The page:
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Hoffmann, R. A wiki for the life sciences where authorship matters. Nature Genetics (2008)

Gender differences in human immunodeficiency virus-related oral lesions: an Italian study.

OBJECTIVE: The purpose of this study was to investigate the relationship between oral lesions and gender, age, CD4(+) cell count, human immunodeficiency virus-1 (HIV-1) viral load, antiretroviral therapy, and route of transmission in a group of HIV-infected (HIV+) persons from the Mediterranean region. STUDY DESIGN: The participants in this study were HIV+ adults who sought dental care between January 1999 and June 1999 in the Department of Oral Medicine (University of Palermo, Italy). RESULTS: One hundred thirty-six HIV+ adults came in for an initial oral examination. Their mean age was 35.2 years (SD +/- 7.97), and 33% were women. Their mean CD4(+) cell count was 325.3 x 10(6) /L (SD +/- 225.8), and their HIV-1 viral load was 39,168.3 copies/mL (SD +/- 144,256.1). Oral lesions were found in 47% of the study group, as well as in 56.5% of women (n = 46) versus 45.5% of men (n = 90; P =.05). Oral candidiasis was the most common disease; it is significantly associated with women (P =.004), CD4(+) cell count (P =.005), and HIV-1 viral load (P =.0003). No significant relationships were found between any types of oral lesions and age, antiretroviral therapy, or route of transmission (P >.2). CONCLUSION: The prevalence of HIV-related oral lesions was significantly higher in women than in men, especially for oral candidiasis, the most common lesion observed related to immune status and HIV-1 viral load.[1]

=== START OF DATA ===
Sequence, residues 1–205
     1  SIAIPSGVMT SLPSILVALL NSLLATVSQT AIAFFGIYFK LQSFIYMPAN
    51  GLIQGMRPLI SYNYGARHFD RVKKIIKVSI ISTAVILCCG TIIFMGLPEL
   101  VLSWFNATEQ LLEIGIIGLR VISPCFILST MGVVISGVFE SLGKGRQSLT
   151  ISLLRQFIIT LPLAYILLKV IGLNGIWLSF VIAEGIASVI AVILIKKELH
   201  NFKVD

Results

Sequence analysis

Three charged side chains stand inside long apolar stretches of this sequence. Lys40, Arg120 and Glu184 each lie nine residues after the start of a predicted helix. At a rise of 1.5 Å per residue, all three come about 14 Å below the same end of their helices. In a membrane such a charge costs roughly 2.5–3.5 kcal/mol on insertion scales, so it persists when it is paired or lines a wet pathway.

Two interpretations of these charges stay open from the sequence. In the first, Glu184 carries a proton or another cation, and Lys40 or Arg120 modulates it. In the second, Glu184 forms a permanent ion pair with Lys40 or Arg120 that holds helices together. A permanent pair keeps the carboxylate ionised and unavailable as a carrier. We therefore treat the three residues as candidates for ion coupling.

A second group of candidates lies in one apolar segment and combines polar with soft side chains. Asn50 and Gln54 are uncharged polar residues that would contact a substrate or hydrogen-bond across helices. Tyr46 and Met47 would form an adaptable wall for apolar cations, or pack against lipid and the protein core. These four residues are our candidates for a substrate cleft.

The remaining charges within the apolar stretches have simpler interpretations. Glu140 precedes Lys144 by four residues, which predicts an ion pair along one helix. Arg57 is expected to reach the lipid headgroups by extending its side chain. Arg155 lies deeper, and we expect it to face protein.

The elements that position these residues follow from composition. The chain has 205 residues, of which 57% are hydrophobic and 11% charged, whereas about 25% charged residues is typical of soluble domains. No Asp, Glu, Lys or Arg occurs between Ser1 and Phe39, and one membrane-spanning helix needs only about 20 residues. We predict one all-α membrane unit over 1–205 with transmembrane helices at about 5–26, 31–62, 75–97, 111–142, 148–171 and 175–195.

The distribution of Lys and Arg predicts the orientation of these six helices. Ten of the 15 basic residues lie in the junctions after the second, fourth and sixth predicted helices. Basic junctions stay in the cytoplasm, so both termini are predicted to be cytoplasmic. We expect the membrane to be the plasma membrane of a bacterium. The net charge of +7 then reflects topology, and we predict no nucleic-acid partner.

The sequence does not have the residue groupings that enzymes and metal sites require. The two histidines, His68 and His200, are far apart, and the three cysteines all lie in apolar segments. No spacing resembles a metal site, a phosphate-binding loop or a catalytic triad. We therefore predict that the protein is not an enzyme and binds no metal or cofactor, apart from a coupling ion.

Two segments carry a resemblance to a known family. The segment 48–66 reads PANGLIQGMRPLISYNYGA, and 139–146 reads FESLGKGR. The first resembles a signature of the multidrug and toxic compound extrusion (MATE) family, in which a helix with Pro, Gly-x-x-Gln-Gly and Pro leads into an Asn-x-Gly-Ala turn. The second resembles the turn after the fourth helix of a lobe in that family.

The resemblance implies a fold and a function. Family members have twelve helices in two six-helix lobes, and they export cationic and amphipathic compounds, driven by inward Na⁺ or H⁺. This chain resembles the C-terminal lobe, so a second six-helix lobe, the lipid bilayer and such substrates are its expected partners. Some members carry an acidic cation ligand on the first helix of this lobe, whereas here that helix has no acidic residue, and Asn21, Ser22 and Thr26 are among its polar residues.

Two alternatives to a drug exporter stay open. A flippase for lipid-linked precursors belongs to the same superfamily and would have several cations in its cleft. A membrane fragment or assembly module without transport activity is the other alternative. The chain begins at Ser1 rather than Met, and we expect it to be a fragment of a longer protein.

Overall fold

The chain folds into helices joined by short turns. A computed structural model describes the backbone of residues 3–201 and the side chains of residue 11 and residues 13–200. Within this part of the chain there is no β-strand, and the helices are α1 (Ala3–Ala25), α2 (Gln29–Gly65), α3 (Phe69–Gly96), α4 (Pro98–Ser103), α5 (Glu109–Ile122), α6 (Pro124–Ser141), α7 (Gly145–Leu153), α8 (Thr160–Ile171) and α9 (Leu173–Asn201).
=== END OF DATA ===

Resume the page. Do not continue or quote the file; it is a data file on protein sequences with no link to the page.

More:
1. Gender differences in human immunodeficiency virus-related oral lesions: an Italian study. Campisi, G., Pizzo, G., Mancuso, S., Margiotta, V. Oral surgery, oral medicine, oral pathology, oral radiology, and endodontics. (2001) [Pubmed]
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